(Image: Doctor Macro)
(Image: Doctor Macro)

Dan Quigley (James Cagney) is a movie usher who loses his job because he isn’t measuring up to the standards of the boss. He’s late for the line-up at the beginning of his shift, and he’s been caught using the restroom on the mezzanine floor. (Oh, the horror!) He also gets a lot of customer complaints about his attitude.

With no legitimate new job prospects, Dan finds that he’s got a knack for less-than-legal activities. Naturally, this leads him to join the mob.

But Dan’s mob job doesn’t last long either, and he soon must escape to Los Angeles and go into hiding. Once he gets there, he stumbles into fame as an actor, finding success in none other than films depicting the rough-and-tumble gangster life he used to lead.

Dan stays out of trouble with his new-found fame and career, but he can’t erase the past, and soon those demons come back to haunt him.

Roy Del Ruth directs 1933’s Lady Killer, a criminal pre-code comedy that spoofs one of the genres that Warner Bros. is most well-loved for by classic film fans: the gangster film. Starring alongside Cagney are Mae Clark and Margaret Lindsay.

As an avid fan of the crime drama genre, this film was a whole lot of fun for me to watch. Nods are made to the usual elements of Warner gangster films, but the plot is pushed even further beyond the realm of believability.

(Image: Doctor Macro)
(Image: Doctor Macro)

The jabs aren’t only confined to Warner gangster films, either. Cagney is shown getting a spray tan and putting on a wig in order to play a stereotypical headdress wearing, horse riding “Big Chief” in a Western. Romance is spoofed. The film making process itself is spoofed, as Cagney rides a terrible fake horse in front of a projector screen while being filmed in the “Big Chief” character. Fan clubs and publicity are spoofed. No sector of Hollywood is safe, it seems, when it comes to Lady Killer‘s sense of humor.

Gangster films aren’t quite as prevalent anymore outside the realm of classic film fanatics, so while the film’s humor probably would have had much wider appeal in the early ’30s, it now feels like an in-joke crafted, existing specifically for those of us who love classic crime dramas.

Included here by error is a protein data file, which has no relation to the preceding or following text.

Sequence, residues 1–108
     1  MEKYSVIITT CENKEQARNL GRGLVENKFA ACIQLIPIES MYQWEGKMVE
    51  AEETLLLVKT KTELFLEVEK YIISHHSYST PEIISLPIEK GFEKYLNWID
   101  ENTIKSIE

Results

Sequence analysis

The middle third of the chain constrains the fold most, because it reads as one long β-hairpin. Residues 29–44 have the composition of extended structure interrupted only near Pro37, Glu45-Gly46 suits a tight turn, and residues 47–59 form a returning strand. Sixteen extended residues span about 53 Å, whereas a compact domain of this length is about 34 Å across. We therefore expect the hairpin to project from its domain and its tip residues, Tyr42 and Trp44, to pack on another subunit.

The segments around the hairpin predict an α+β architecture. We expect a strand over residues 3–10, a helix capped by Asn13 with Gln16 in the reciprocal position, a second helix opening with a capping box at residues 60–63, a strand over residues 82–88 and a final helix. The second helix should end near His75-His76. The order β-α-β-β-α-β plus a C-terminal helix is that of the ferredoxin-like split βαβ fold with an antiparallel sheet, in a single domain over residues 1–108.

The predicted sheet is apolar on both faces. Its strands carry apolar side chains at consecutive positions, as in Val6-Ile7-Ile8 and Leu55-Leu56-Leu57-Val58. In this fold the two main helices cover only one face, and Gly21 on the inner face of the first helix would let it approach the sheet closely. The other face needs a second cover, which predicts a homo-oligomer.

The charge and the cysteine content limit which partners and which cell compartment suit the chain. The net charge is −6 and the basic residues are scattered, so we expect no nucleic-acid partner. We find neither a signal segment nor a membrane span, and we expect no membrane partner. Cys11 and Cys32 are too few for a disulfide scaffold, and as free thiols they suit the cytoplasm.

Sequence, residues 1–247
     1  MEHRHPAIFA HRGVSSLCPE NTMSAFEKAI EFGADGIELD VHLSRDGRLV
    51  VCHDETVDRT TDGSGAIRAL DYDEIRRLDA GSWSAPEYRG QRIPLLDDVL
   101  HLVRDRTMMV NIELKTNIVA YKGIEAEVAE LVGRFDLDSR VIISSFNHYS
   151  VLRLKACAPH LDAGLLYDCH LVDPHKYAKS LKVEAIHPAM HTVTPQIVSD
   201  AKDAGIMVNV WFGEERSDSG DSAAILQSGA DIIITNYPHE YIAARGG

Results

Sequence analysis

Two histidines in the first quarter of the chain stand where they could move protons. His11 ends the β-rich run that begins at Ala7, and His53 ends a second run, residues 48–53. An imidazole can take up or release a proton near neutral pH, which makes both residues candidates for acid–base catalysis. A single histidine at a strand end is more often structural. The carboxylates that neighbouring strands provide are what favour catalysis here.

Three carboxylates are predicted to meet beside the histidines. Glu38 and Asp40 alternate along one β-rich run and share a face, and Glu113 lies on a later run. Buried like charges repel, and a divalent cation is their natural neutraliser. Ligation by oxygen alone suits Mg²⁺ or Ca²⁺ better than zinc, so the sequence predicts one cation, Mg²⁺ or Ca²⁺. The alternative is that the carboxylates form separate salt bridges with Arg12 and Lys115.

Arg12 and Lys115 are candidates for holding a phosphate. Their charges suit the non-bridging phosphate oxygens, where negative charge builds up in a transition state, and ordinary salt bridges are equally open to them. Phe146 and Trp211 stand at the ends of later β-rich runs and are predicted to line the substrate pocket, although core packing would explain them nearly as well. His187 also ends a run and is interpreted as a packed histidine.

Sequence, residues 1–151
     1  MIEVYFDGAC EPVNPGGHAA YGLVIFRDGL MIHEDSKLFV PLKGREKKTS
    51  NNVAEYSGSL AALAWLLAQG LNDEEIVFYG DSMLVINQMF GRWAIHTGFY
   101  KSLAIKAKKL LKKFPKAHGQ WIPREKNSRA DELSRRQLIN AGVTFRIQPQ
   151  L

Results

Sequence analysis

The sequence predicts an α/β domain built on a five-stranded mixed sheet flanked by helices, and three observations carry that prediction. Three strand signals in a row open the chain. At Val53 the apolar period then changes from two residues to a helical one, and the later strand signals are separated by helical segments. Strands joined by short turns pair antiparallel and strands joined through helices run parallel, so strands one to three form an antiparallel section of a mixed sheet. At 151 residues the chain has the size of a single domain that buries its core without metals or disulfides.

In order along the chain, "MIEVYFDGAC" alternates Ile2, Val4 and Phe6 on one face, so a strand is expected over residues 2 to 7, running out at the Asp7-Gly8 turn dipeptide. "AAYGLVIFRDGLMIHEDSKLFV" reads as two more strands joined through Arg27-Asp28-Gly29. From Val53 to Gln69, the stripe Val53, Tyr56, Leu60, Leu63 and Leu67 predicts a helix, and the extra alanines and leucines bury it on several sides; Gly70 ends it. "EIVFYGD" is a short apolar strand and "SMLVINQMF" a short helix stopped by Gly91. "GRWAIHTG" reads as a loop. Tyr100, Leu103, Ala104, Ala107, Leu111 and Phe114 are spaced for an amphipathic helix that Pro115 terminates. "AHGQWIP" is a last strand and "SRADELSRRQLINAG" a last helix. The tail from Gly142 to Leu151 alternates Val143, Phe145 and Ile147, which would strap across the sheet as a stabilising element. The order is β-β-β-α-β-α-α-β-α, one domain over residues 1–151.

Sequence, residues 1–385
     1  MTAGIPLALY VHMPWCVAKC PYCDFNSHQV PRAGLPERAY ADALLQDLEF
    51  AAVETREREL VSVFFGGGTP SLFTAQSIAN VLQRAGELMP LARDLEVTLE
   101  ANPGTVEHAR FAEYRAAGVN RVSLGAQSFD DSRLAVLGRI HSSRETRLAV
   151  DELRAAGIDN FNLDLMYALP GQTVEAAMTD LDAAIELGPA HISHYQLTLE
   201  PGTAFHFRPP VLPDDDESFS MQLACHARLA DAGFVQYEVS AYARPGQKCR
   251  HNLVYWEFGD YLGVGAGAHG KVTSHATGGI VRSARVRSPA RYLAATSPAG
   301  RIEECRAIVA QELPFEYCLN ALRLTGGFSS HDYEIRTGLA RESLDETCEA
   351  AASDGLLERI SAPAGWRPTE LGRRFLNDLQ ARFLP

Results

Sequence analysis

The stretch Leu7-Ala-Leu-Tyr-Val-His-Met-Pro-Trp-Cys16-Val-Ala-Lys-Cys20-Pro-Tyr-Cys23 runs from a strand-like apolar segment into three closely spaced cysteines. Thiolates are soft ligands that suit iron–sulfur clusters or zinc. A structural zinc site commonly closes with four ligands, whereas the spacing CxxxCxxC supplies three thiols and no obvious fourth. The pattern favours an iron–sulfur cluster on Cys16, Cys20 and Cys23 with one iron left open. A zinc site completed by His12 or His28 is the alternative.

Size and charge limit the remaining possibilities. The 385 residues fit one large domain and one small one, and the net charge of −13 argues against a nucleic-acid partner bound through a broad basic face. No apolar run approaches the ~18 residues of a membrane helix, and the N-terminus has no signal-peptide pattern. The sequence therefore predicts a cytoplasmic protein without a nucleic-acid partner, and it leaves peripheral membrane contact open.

While the film is very funny, it never goes too far over-the-top.

Mae Clark and James Cagney had been seen in The Public Enemy, which is the exact type of film Lady Killer aims to make light of, two years earlier. Mae’s role in the earlier film wasn’t a leading role, but she’s still quite recognizable and together they make a great match for Lady Killer. Margaret Lindsay rounds out the love triangle as Dan’s lovely new Hollywood girlfriend, and she’s equally great for the role.

A movie poster featuring Edward G. Robinson is shown early in the film, foreshadowing the illegal events to come. Cagney’s character predictably moves in and out of society’s underbelly, but that predictability does nothing to harm the film because it isn’t trying to take itself seriously.

(Image: Doctor Macro)
(Image: Doctor Macro)

Cagney’s performance, of course, is wonderful. He pulls off the somewhat silly, exaggerated aspect of his character while also providing serious tension in some of the scenes. This mix makes it very easy for the viewer to appreciate the film’s humor while still getting wrapped up in the story.

For all of its silliness in the “spoof” aspect of the story, Lady Killer is incredibly fast-paced and full of action. Clocking in at only an hour and fifteen minutes, the film never has a dull second, and a surprisingly great amount of high-energy moments are thrown in during those 75 minutes. It would have been pretty easy for the film to get boring since it does follow the conventions of the genre so closely, but it remains amusing and fun throughout its entire running time.

Warner Bros. isn’t afraid to poke fun at itself in this fast-paced film, and with James Cagney at the focal point, the spoof is pulled off very well. The score: 4.5/5